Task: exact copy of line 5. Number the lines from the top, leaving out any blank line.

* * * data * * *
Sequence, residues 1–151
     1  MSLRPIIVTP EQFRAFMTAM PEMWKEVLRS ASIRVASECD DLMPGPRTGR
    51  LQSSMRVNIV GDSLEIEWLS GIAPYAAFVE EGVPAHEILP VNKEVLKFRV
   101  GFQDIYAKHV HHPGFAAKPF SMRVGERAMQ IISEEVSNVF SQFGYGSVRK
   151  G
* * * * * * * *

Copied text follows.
   151  G